electrically insulating spacer means disposed between said first and said second cooling ducts to space and electrically insulate said first cooling duct from said second cooling duct, said spacer means having an opening therein communicating with said central opening in each of said first and said second cooling ducts to provide said communication therebetween to form a portion of said common cooling channel;

electrically insulating bushing means disposed adjacent said first cooling duct and said spacer means, said bushing means having a central opening therein which communicates with said central opening in said first duct and said central opening in said spacer means to form part of said common cooling channel, said bushing means providing an increased increment of electrical insulation between said cooling ducts over that amount of electrical insulation provided by said spacer means alone;

first resilient sealing means which encloses a predetermined area and which is disposed adjacent said bushing means and said spacer means for providing a coolant seal therebetween;

second resilient sealing means which encloses a larger predetermined area than said first resilient sealing means encloses and which is disposed adjacent said bushing means and said first cooling duct for providing a coolant seal therebetween, said first and second resilient sealing means reacting to the pressure of coolant material in said cooling channel to provide an increment of sealing force between said ducts and said spacer due predominatly to fluid pressure caused by the presence of said coolant adjacent said bushing means and said spacer in said cooling channel which force is related to the difference in areas enclosed by said first and second resilient sealing means.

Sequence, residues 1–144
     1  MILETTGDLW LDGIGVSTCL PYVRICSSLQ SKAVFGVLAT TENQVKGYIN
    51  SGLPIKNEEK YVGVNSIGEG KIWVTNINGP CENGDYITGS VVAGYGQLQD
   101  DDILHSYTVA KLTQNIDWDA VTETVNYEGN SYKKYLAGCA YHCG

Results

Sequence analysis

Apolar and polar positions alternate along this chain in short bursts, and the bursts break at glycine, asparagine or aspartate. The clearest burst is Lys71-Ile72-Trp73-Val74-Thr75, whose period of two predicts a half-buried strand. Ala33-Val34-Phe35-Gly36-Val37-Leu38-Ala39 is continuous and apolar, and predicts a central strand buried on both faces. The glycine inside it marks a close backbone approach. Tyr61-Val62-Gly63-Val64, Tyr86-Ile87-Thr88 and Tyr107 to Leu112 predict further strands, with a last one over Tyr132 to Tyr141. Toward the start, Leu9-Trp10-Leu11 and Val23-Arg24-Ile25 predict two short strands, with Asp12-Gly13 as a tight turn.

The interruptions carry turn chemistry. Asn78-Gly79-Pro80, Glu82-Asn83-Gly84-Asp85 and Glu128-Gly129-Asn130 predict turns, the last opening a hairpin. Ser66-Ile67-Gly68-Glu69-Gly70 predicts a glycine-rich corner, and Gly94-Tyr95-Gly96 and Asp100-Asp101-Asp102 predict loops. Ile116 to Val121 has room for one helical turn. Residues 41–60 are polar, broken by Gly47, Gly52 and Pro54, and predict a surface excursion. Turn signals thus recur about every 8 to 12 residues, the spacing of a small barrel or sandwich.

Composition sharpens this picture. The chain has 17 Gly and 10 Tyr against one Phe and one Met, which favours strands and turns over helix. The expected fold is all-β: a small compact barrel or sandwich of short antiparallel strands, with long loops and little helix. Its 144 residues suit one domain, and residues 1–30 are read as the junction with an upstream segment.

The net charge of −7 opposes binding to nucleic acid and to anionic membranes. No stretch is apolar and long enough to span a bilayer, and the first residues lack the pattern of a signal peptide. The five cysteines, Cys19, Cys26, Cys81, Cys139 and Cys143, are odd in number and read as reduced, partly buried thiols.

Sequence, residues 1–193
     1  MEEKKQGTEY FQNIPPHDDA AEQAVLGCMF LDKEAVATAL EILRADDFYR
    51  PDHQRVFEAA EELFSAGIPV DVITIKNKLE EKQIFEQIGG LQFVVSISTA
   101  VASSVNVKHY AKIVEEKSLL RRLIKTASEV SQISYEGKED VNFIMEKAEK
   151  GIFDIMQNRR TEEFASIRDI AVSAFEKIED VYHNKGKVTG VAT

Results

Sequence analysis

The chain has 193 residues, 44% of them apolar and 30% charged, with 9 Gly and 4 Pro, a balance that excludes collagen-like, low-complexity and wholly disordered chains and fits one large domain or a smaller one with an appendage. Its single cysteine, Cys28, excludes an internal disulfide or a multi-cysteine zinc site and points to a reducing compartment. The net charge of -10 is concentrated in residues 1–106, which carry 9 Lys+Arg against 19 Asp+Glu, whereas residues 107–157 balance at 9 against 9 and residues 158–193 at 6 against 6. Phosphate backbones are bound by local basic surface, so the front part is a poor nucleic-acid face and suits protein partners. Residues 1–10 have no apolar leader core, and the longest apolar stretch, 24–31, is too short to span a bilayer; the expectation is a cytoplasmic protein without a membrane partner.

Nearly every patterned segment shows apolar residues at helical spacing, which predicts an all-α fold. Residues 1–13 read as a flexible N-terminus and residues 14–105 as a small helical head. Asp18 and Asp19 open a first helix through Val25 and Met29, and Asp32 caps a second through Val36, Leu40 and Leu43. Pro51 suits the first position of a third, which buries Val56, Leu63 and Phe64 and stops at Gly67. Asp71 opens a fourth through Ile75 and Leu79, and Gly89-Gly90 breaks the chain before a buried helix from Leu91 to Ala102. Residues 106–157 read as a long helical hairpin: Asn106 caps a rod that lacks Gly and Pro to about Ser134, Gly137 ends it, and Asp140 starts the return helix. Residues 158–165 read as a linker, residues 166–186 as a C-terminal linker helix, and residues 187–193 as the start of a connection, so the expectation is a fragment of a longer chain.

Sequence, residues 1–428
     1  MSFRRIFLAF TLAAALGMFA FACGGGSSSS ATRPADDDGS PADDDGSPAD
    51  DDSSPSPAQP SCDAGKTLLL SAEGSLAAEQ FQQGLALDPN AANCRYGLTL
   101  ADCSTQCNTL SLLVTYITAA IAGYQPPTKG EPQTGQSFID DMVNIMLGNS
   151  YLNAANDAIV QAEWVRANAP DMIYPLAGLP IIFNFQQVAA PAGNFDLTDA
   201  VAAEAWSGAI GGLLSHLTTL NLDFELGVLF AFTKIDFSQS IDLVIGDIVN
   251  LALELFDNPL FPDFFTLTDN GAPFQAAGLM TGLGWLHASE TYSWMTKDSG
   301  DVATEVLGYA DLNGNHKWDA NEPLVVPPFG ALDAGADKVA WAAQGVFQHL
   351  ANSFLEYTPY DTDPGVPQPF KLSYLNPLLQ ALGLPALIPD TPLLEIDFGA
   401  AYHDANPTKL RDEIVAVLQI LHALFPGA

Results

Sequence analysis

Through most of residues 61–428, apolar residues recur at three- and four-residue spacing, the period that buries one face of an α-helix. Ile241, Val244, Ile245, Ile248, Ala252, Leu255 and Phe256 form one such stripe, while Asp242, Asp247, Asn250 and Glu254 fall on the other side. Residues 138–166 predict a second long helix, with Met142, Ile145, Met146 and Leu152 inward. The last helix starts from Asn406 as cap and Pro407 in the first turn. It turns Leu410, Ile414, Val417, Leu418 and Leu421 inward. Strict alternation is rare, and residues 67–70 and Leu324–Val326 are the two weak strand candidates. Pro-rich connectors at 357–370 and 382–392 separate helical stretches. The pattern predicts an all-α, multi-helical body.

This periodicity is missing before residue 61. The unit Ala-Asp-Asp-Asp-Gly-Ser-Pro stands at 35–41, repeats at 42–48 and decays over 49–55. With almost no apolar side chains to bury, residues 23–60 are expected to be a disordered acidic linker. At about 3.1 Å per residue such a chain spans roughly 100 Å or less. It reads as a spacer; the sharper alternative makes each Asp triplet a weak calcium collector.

2. Arc heater apparatus of the type including electrode structures spaced to form a gap across which an electric arc may be struck and shaped to form an arc chamber in which said arc may reside comprising, means for providing process fluid to one of said electrode structures to be provided to said gap for entry into said are chamber, an electrically insulating spacer member disposed between said electrode structures for electrically insulating said electrode structures from each other, ducting means in another of said electrode structures for providing said fluid to another portion of said are heater, said spacer member having an opening therein communicating with said ducting means in said another of said electrode structures and said means for providing fluid to said one electrode structure for thereby providing a fluid path from said means for providing fluid to said one said electrode structure to said ducting means in said another of said electrode structures and thence to said another portion of said arc heater.

3. The combination as claimed in claim 2 wherein said ducting means in said another of said electrode structures includes a valve for controlling the amount of said fluid provided to said another portion of said are heater.

4. Arc heater apparatus comprising, spaced annular electrode assemblies cooperating to form an arc chamber, a plurality of magnetic field coil assemblies, said latter assemblies having electrically conductive tubular electrical connector leads for providing cooling fluid to said field coil assembly and energizing electrical power to said field coil assembly, a manifold assembly for each field coil assembly having fluid ducts therein communicating with said tubular connector leads and electrical terminals disposed in electrical contact with said tubular connector leads, the manifold assembly for each of said field coil assemblies being disposed adjacent to other manifold assemblies with said ducts of each communicating to form a fluid path between adjacent manifold assemblies and with said terminals being electrically interconnected to provide electrical continuity between predetermined leads of said field coil assembly.

Patent Citations
Cited PatentFiling datePublication dateApplicantTitle
US2398962 *Mar 21, 1944Apr 23, 1946Randrup Benjamin FAdjustable clamp
US2405251 *Apr 10, 1944Aug 6, 1946Paul HenryClamping device
US2430677 *Apr 17, 1945Nov 11, 1947Hobart Leo GClamp
US3309550 *Mar 6, 1964Mar 14, 1967Westinghouse Electric CorpMultiple annular electrode gas arc heater with a magnetic arc spinner
US3316444 *Jun 11, 1964Apr 25, 1967Westinghouse Electric CorpArc heater for use with three-phase alternating current source and chamber and electrode structure for use therein
US3360682 *Oct 15, 1965Dec 26, 1967Giannini Scient CorpApparatus and method for generating high-enthalpy plasma under high-pressure conditions
US3400700 *Dec 13, 1966Sep 10, 1968Phillips Mfg Company IncPropane heater for internal combustion engine
US3629553 *Jan 10, 1969Dec 21, 1971Westinghouse Electric CorpRecurrent arc heating process